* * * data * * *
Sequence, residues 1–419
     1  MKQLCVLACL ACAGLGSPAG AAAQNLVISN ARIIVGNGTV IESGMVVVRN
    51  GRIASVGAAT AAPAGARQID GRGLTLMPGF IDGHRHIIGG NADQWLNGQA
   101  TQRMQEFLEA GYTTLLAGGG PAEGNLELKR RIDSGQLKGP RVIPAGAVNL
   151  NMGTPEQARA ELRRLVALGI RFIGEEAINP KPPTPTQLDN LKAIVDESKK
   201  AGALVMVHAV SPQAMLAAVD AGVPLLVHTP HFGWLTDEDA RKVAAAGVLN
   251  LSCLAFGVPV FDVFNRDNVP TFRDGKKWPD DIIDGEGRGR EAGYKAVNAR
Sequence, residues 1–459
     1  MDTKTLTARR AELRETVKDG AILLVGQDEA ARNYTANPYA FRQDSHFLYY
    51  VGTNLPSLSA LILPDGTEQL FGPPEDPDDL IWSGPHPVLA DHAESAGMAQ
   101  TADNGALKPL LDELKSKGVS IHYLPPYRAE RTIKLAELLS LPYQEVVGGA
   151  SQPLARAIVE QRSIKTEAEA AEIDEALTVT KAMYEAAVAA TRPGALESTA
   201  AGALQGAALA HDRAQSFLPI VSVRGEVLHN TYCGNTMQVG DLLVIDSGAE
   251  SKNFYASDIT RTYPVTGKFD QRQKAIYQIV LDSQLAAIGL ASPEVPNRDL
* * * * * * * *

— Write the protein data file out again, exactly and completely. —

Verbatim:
Sequence, residues 1–419
     1  MKQLCVLACL ACAGLGSPAG AAAQNLVISN ARIIVGNGTV IESGMVVVRN
    51  GRIASVGAAT AAPAGARQID GRGLTLMPGF IDGHRHIIGG NADQWLNGQA
   101  TQRMQEFLEA GYTTLLAGGG PAEGNLELKR RIDSGQLKGP RVIPAGAVNL
   151  NMGTPEQARA ELRRLVALGI RFIGEEAINP KPPTPTQLDN LKAIVDESKK
   201  AGALVMVHAV SPQAMLAAVD AGVPLLVHTP HFGWLTDEDA RKVAAAGVLN
   251  LSCLAFGVPV FDVFNRDNVP TFRDGKKWPD DIIDGEGRGR EAGYKAVNAR
Sequence, residues 1–459
     1  MDTKTLTARR AELRETVKDG AILLVGQDEA ARNYTANPYA FRQDSHFLYY
    51  VGTNLPSLSA LILPDGTEQL FGPPEDPDDL IWSGPHPVLA DHAESAGMAQ
   101  TADNGALKPL LDELKSKGVS IHYLPPYRAE RTIKLAELLS LPYQEVVGGA
   151  SQPLARAIVE QRSIKTEAEA AEIDEALTVT KAMYEAAVAA TRPGALESTA
   201  AGALQGAALA HDRAQSFLPI VSVRGEVLHN TYCGNTMQVG DLLVIDSGAE
   251  SKNFYASDIT RTYPVTGKFD QRQKAIYQIV LDSQLAAIGL ASPEVPNRDL